The  SQL query was
SELECT count(*), Latitude, Longitude FROM `geodata` WHERE 1 GROUP BY Latitude, Longitude

The result:



On further zooming in….

ex3Oh look there are actually two reports!

let’s zoom in further..

ex2Surprise!! There are actually three reports

There were only five records in this example but as you can see, the grouping was ineffective due to the high amount of precision

So how do we fix this

Well, there are several solutions with their advantages and disadvantages. You can decide on which solution to implement depending on your needs

Solution 1: Reduce precision in the input data

This is probably the simplest and dirtiest way around this problem. Just take the first three decimal points and ignore all trailing data.This can be used when your application does not depend heavily on the user location

Advantage: Quick, no computation or disk storage cost

Disadvantage: Loss in data, which can have serious consequences

Solution 2: Create two extra columns which will have the reduced precision co-ordinates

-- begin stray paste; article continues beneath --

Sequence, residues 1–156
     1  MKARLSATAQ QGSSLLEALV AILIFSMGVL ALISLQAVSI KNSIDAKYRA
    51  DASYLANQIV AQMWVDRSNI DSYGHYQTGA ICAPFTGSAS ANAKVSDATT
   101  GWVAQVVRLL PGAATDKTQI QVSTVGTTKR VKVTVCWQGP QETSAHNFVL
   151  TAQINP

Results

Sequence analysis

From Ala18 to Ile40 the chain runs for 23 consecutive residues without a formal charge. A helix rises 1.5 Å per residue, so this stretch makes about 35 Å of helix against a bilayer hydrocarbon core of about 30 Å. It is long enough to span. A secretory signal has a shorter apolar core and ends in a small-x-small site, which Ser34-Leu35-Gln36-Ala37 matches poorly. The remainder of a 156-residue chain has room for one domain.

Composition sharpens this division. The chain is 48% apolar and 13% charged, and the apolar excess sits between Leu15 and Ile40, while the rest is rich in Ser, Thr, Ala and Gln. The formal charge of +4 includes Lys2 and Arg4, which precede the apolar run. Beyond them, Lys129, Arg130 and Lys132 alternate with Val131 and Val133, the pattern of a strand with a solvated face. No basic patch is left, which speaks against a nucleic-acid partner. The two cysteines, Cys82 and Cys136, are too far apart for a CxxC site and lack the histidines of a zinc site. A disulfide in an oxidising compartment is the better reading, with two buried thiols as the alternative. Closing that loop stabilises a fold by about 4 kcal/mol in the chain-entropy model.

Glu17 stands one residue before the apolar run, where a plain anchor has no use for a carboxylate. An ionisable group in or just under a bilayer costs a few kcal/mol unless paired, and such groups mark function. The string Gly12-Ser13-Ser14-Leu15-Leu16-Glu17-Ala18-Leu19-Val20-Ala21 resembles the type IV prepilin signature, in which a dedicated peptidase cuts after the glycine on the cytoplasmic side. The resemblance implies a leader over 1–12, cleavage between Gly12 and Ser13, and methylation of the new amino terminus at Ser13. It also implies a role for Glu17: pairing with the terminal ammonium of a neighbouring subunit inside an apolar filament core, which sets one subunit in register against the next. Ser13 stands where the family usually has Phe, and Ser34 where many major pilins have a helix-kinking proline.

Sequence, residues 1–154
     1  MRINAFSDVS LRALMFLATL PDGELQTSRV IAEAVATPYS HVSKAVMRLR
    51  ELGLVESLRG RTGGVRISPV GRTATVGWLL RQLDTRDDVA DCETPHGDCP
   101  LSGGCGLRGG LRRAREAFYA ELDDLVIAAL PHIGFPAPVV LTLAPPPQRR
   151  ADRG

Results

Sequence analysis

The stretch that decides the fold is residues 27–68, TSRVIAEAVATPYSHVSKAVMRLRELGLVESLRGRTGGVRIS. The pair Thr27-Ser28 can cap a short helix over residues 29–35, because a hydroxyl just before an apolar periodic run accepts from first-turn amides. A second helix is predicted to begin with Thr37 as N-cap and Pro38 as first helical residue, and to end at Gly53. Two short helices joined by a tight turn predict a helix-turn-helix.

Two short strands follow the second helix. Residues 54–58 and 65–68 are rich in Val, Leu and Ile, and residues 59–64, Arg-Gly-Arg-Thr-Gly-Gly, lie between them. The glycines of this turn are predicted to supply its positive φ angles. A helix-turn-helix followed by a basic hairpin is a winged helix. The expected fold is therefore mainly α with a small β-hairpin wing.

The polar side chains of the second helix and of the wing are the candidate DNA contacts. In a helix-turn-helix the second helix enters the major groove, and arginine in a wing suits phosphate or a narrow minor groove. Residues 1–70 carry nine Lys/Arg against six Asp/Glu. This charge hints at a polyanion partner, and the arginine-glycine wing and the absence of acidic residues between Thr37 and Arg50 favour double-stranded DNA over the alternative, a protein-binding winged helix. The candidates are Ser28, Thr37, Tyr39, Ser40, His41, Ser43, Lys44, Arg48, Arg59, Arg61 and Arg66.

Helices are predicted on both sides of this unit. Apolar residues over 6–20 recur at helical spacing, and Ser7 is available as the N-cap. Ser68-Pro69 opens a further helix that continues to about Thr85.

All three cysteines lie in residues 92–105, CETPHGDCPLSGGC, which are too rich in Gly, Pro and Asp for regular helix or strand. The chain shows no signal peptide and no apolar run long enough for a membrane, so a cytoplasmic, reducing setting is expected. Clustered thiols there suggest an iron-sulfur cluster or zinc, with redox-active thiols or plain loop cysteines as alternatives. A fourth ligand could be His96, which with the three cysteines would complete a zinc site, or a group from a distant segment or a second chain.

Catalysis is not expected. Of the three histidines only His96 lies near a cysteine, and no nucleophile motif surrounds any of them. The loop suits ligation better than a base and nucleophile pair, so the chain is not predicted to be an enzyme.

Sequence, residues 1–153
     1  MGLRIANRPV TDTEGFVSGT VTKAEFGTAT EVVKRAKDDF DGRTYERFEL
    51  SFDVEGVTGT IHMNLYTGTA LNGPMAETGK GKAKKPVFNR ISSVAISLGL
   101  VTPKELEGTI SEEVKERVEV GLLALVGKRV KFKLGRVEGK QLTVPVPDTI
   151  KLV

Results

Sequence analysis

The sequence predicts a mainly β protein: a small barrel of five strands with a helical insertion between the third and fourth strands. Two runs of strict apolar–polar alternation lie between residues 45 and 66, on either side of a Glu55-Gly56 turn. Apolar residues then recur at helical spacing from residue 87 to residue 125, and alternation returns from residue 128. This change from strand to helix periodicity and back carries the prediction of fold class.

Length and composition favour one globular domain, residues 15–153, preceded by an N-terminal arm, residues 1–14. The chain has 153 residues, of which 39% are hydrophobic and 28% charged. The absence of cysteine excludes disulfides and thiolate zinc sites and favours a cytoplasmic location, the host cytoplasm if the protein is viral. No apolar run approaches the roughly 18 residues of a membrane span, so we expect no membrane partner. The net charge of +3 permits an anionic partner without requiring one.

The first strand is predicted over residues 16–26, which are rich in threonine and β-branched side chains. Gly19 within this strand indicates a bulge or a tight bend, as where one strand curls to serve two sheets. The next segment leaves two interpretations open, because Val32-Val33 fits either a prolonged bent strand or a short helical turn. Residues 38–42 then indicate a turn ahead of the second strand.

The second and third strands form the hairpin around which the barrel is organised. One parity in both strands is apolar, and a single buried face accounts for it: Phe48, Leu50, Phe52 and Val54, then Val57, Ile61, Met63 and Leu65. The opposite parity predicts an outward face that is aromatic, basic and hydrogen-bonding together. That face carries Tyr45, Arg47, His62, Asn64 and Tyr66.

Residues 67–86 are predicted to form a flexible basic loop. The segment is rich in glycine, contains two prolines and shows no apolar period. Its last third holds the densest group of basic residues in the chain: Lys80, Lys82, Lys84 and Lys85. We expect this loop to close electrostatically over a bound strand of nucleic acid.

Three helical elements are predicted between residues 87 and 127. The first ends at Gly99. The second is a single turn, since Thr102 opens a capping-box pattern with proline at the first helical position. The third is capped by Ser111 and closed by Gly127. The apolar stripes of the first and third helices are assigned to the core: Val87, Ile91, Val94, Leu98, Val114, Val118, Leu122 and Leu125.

This is a straight-forward way to have a meaningful grouping, have a column say lat_red_prec which will have the reduced precision latitude and similarly for longitude and group using these rather than using the actual ones.

Advantage: Simple, straight-forward and if you’re running analytics which require only lesser precison this will come handy in that

Disadvantage: Two extra columns, if you’re having a huge number of records, the extra storage required may cause latencies while running the query

Solution 3: Group by using the ROUND function

The ROUND() function takes a double value and rounds it off to the nearest integer or rounds it off to the required number of decimal places.
Your modified query would be